Simple and Multiple Points of Affine Plane Curves
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# Simple and Multiple Points of Affine Plane Curves

Recall from the Affine Plane Curves page that we said that two polynomials $F, G \in K[x, y]$ are said to be equivalent if there exists a nonzero $\lambda \in K$ such that $F = \lambda G$, and we said that an affine plane curve is an equivalence class of a nonconstant polynomial in $K[x, y]$ with this equivalence relation.

We will now begin to classify special points of affine plane curves.

 Definition: Let $K$ be a field and let $F \in K[x, y]$ be an affine plane curve. Let $\mathbf{p} = (a, b) \in F$, that if, $\mathbf{p}$ is a point which lies on $F$. 1) $\mathbf{p}$ is a Simple Point if either $F_x(\mathbf{p}) \neq 0$ or $F_y(\mathbf{p}) \neq 0$. 2) $\mathbf{p}$ is a Multiple Point or Singular Point if both $F_x(\mathbf{p}) = 0$ and $F_y(\mathbf{p}) = 0$.

Here, the notation $F_x$ and $F_y$ are used to denote the partial derivatives of $F$ with respect to $x$ and $F$ with respect to $y$.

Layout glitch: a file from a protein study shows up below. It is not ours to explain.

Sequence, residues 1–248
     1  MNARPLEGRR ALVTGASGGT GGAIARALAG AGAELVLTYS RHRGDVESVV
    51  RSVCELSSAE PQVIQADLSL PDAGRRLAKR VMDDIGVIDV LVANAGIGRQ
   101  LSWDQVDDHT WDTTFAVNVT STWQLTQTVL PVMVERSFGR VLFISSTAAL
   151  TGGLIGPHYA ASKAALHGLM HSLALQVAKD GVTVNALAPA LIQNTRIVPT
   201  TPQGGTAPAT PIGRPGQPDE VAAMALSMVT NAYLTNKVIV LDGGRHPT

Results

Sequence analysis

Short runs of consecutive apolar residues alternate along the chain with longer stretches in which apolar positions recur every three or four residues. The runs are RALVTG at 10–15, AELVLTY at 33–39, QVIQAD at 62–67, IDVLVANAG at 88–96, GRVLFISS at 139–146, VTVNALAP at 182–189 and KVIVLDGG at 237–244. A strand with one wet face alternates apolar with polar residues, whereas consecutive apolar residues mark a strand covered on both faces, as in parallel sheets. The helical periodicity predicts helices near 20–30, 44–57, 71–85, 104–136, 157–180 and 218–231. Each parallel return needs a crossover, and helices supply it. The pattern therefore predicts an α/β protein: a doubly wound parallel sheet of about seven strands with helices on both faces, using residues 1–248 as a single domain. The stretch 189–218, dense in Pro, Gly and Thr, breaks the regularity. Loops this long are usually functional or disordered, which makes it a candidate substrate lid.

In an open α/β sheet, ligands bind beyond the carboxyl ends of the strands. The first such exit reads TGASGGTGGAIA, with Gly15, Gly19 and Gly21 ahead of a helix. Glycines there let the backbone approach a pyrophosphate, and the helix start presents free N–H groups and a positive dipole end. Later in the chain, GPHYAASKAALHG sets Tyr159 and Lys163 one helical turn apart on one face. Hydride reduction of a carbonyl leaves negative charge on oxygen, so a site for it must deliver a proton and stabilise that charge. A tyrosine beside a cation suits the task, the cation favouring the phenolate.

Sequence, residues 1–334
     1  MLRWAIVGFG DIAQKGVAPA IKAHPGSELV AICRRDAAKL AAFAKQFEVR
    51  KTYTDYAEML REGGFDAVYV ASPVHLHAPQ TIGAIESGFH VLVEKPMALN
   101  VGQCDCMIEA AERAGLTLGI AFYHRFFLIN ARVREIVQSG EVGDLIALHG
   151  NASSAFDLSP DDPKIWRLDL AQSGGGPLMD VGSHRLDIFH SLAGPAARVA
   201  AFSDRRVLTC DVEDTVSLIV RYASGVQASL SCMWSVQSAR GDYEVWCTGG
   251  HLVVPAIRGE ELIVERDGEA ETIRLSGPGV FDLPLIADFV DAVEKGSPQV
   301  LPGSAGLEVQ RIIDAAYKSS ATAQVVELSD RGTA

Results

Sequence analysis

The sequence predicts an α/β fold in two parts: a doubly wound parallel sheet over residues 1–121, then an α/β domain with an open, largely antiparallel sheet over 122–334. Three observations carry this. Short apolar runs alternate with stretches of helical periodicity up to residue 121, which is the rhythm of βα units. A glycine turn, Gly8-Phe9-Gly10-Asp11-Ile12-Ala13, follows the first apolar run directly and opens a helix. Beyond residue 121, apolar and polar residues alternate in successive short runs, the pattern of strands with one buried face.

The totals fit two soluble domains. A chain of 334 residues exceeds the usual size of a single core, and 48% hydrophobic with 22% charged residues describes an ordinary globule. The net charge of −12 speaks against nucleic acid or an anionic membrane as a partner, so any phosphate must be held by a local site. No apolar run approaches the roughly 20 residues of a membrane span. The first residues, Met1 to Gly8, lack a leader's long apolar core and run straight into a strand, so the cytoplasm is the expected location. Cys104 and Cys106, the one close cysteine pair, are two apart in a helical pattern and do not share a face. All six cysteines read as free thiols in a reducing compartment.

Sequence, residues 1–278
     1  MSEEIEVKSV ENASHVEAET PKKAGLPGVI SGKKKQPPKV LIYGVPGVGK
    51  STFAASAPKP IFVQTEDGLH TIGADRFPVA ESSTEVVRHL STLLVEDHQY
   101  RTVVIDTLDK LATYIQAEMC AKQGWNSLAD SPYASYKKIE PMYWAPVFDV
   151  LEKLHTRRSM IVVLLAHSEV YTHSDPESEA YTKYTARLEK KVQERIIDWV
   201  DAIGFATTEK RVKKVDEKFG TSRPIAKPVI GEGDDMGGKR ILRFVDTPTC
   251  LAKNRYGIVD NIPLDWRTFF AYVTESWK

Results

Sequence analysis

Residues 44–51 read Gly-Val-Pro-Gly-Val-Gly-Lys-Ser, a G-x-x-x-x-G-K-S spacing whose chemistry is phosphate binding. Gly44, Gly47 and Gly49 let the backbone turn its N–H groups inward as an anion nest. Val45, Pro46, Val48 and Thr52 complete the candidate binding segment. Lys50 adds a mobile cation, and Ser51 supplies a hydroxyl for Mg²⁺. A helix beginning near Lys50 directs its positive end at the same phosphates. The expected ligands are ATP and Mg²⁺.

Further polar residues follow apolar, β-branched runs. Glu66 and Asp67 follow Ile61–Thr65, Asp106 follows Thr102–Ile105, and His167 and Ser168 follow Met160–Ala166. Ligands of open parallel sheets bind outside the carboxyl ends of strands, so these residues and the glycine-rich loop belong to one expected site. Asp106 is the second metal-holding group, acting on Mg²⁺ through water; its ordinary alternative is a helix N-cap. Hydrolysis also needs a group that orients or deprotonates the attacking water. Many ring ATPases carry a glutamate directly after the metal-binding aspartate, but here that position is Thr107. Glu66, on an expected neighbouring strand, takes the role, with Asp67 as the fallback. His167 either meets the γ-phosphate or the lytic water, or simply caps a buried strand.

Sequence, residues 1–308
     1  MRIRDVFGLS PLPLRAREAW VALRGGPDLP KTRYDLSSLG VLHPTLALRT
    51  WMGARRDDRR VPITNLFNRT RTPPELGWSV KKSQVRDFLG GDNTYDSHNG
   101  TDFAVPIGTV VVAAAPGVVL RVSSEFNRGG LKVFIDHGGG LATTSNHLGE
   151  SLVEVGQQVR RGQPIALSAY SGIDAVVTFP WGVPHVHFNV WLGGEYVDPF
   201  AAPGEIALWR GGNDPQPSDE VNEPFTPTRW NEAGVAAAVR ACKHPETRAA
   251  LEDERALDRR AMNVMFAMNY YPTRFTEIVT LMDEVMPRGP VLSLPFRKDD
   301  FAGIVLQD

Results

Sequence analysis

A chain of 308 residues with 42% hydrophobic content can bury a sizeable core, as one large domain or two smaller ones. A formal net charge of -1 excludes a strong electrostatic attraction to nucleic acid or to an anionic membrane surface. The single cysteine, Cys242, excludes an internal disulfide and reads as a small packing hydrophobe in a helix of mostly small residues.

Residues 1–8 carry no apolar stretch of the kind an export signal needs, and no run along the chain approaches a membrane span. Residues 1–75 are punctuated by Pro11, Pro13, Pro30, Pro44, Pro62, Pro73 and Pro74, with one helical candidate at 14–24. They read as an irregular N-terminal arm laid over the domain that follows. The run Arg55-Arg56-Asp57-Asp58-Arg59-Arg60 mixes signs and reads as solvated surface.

For example, consider the affine plane curve $F(x, y) = x^2 - yx$. The partial derivatives of $F$ are:

(1)
\begin{align} \quad F_x(x, y) = 2x - y \quad , \quad F_y(x, y) = x \end{align}

Observe that $F_x = 0$ whenever $y = 2x$, and $F_y = 0$ whenever $x = 0$. Therefore, every point except $(0, 0)$ is a simple point of $F$, while the point $(0, 0)$ is a singular point of $F$.

 Definition: Let $K$ be a field and let $F \in K[x, y]$ be an affine plane curve. If $\mathbf{p} = (a, b)$ is a simple point then the Tangent Line of $F$ at $\mathbf{p}$ is the line given by the equation $F_x(\mathbf{p})(x - a) + F_y(\mathbf{p})(y - b) = 0$.

For example, consider the affine plane curve $F(x, y) = y^2 - x^3 + x$. The partial derivatives of $F$ are:

(2)
\begin{align} \quad F_x(x, y) = -3x^2 + 1 \quad , \quad F_y(x, y) = 2y \end{align}

The point $\mathbf{p} = (1, 0)$ is a simple point of $F$, with:

(3)
\begin{align} \quad F_x(\mathbf{p}) = -2 \quad , \quad F_y(\mathbf{p}) = 0 \end{align}

Therefore the tangent line of $F$ at $\mathbf{p}$ is:

(4)
\begin{align} \quad -2(x - 1) + 0(y - 0) = 0 \\ \end{align}
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